How well accepted is the ===> standard for denoting output becoming? I used it for the first time in an answer recently, and somebody quite quickly edited my answer to remove it, and simply leave the output in comments. –  John Fultz Jun 10 '12 at 8:48
@JohnFultz I am not sure who came up with this notation first, but I'd say it's pretty common. I use it often. There isn't really a "recommended" or "standard" way. Some out In/Out (inconvenient to copy), some use comments, maybe with ==>, and some just use a quotation block (again, inconvenient to copy, and personally I don't like it if it's not in a fixed width font). Don't be discouraged from using that notation if you like it. –  Szabolcs Jun 11 '12 at 15:53

This is inspired by Rolfs answer, but uses the "Copy As Input" functionality as the starting point. My impression is that using that approach will keep more of the original formatting (concerning linebreaks) but it still isn't perfect in that concern. To see the problems, I didn't change what it does to the its own code (it added some empty lines).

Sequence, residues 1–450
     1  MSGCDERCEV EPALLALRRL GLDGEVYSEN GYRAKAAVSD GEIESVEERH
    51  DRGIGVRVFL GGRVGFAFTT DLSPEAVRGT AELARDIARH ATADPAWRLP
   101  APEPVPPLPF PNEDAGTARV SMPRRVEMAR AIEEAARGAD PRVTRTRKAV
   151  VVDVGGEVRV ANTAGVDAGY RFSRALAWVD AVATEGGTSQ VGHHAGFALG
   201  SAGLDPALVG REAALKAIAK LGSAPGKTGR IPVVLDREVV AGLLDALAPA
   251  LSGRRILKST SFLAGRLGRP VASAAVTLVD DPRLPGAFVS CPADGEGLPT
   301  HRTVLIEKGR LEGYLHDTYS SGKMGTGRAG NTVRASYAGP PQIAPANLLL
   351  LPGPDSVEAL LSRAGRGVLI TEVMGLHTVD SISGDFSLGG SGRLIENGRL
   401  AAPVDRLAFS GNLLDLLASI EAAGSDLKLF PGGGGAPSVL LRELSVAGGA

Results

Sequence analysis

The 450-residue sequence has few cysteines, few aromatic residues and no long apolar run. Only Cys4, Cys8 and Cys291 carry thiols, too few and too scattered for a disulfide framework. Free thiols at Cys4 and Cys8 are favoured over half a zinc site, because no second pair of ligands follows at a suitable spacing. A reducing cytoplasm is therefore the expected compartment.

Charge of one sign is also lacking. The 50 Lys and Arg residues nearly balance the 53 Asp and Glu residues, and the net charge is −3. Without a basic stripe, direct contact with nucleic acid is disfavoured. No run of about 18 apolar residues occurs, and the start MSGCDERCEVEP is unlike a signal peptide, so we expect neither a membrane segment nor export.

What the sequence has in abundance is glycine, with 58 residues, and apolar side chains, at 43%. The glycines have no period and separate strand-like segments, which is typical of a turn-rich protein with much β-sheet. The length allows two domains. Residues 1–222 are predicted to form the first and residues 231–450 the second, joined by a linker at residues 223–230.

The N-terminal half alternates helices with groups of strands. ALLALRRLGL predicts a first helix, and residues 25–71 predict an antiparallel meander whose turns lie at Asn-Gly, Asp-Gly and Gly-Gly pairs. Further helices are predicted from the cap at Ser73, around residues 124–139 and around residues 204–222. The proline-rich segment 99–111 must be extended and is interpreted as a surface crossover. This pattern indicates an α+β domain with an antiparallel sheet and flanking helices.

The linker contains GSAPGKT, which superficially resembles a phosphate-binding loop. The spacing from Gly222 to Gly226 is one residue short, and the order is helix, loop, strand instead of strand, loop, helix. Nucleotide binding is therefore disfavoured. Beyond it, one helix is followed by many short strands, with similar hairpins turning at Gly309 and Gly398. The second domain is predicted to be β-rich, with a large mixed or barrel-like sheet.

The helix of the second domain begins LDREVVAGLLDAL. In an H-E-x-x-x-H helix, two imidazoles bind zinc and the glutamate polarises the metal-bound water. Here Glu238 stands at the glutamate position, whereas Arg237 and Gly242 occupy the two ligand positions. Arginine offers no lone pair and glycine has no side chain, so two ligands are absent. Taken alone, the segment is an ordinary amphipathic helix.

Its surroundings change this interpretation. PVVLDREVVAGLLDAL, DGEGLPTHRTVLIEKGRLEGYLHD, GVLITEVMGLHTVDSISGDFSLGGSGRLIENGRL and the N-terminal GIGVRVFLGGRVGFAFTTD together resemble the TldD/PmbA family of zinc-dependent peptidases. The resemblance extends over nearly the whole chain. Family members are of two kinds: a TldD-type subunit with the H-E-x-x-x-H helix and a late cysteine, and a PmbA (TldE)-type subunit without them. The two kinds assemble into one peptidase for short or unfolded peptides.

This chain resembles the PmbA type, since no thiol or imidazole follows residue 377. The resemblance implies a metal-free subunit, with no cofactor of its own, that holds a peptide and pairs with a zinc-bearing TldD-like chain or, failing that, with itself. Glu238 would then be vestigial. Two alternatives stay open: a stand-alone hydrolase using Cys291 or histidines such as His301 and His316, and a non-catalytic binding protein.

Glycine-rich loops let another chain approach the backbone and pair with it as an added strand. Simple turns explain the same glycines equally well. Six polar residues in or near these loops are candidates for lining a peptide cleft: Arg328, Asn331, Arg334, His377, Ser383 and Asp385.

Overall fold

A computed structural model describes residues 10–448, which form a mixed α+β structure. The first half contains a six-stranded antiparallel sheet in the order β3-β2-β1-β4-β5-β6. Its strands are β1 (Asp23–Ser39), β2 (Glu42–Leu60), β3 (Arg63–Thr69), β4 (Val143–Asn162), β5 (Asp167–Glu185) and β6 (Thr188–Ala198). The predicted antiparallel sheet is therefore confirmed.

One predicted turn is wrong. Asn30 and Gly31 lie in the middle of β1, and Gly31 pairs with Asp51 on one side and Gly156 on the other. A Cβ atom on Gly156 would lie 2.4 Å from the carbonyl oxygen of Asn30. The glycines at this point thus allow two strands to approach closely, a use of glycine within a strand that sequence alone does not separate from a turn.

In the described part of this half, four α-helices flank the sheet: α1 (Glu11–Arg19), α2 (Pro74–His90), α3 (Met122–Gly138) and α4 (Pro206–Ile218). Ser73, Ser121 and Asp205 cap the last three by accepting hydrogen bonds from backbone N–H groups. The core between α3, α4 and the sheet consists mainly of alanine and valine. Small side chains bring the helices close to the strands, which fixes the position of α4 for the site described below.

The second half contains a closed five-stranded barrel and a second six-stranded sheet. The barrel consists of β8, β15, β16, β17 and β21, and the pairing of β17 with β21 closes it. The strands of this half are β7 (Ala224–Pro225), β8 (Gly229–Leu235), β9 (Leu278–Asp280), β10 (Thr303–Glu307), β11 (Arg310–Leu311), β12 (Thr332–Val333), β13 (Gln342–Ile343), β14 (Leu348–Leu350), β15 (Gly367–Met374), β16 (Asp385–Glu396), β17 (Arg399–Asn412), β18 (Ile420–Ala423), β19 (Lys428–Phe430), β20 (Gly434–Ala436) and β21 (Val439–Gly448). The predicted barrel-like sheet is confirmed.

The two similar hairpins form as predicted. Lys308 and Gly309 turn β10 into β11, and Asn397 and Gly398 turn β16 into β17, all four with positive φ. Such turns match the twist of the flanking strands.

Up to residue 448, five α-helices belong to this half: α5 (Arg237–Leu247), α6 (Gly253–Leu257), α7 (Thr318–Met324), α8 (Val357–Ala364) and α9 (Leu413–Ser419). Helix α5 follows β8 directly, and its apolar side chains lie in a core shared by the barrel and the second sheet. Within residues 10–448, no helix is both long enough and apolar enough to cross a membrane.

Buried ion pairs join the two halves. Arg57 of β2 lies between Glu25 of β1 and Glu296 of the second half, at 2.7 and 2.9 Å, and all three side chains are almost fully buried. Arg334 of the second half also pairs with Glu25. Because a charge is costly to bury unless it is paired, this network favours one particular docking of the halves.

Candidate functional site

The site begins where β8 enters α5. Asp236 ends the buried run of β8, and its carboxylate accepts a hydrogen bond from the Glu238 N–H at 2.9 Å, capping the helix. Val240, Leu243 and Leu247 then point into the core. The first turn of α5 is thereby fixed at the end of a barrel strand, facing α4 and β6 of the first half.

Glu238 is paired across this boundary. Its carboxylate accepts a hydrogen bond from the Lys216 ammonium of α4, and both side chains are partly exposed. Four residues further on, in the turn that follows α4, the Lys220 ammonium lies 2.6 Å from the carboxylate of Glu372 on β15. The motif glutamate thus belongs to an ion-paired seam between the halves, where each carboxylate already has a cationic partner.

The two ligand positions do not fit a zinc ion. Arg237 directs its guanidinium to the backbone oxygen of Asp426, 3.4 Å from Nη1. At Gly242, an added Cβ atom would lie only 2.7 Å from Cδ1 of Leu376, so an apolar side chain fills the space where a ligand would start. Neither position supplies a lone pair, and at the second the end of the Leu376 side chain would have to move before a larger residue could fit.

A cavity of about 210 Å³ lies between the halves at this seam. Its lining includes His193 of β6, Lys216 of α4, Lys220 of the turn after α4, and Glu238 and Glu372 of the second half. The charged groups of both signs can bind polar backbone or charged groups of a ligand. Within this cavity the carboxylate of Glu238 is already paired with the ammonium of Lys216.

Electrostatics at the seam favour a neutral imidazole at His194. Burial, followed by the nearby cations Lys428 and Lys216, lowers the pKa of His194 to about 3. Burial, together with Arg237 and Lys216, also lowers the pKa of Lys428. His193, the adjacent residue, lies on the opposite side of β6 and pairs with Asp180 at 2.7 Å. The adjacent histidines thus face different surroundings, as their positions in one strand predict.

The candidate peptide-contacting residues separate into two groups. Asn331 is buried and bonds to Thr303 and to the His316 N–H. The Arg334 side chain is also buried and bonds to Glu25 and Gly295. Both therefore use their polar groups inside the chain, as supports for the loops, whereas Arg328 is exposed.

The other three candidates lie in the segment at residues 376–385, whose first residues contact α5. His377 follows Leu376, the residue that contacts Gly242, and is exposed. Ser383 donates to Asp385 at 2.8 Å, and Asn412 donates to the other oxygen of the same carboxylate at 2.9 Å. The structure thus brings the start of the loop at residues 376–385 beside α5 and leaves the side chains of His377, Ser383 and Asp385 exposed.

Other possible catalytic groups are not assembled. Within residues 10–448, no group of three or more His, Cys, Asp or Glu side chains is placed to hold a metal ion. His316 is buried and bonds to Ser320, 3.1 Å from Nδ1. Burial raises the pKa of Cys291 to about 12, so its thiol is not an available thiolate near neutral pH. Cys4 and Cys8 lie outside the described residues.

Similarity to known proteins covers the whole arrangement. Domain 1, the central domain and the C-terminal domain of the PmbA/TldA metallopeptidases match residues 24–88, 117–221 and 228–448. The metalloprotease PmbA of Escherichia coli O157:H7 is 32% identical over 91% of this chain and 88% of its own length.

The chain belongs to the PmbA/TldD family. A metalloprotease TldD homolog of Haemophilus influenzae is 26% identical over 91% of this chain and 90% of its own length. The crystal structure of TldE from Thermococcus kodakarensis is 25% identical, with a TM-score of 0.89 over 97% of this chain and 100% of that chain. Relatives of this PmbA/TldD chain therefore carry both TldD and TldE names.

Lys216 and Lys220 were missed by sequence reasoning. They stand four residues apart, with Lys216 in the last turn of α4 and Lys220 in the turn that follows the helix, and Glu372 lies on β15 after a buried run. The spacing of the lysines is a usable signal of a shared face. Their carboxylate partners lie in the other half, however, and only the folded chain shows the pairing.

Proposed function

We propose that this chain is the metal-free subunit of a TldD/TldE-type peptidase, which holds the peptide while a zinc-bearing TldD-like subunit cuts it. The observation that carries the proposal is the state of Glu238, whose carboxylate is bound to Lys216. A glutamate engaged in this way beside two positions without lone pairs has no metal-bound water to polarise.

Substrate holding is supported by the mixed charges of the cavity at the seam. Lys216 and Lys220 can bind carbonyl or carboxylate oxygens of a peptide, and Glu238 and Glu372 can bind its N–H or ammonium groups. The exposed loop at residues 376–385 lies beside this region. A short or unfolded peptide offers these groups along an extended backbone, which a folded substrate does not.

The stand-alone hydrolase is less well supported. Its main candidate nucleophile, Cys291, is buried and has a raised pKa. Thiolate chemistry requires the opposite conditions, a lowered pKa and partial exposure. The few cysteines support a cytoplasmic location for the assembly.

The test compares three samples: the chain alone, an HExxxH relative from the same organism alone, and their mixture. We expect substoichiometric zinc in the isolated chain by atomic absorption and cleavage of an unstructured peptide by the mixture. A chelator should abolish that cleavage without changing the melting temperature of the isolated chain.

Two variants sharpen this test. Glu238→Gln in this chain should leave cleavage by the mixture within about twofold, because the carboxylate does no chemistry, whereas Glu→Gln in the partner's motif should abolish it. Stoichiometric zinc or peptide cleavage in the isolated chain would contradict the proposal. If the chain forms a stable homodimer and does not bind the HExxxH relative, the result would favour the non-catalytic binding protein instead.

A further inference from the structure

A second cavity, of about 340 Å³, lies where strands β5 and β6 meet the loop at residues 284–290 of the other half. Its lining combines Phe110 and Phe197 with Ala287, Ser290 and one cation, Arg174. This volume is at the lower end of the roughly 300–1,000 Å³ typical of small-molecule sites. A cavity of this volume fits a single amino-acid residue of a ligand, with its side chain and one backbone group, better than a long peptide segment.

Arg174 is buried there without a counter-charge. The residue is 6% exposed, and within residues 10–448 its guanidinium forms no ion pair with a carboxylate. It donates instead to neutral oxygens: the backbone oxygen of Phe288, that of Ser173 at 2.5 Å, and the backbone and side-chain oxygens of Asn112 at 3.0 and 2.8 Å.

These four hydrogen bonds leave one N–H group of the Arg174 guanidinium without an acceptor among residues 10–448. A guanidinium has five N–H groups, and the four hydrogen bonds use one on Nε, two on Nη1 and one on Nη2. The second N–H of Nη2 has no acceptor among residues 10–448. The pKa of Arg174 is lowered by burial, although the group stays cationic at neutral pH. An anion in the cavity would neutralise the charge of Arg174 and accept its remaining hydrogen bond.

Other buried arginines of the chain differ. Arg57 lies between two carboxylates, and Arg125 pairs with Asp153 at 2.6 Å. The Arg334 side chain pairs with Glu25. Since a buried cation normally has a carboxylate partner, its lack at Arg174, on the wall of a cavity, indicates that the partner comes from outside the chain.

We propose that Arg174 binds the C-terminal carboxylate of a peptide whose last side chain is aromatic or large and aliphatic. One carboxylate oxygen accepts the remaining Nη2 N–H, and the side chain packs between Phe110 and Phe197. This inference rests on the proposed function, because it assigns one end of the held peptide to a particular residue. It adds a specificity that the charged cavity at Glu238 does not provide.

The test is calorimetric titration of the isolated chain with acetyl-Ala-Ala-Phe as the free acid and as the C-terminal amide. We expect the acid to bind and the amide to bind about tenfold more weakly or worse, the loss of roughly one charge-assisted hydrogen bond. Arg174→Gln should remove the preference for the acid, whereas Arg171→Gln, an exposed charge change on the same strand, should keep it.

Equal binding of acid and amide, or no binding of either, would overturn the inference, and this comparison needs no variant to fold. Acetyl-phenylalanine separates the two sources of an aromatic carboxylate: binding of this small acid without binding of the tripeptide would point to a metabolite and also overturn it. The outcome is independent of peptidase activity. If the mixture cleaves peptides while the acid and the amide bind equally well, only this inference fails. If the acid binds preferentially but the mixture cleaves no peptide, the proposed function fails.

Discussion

Other differences are that it will look at the current selection instead of using all the content of the selected notebook. And it adds the spaces at the begining of each line so it will directly be recognized as code when pasted into the edit window.

It can't handle correctly anything except input and output cells that have an In/Out tag, otherwise the splitting in input and output cells will not work (although I think it will create something that's not completely useless in those cases...).

CreatePalette[
Tooltip[
Button[
"Copy for MSE",
FrontEndTokenExecute[SelectedNotebook[], "CopySpecial",
"InputText"];
Map[
CreateDocument[TextCell[#, "Text", FontFamily -> "Courier"]] &,
Cases[
NotebookGet[ClipboardNotebook[]],
Cell[c_String, ___] :> "    " <> StringReplace[
StringJoin[Riffle[
StringReplace[

StringTrim[
StringSplit[
c, ("In" | "Out") ~~ "[" ~~ DigitCharacter .. ~~ "]"]], {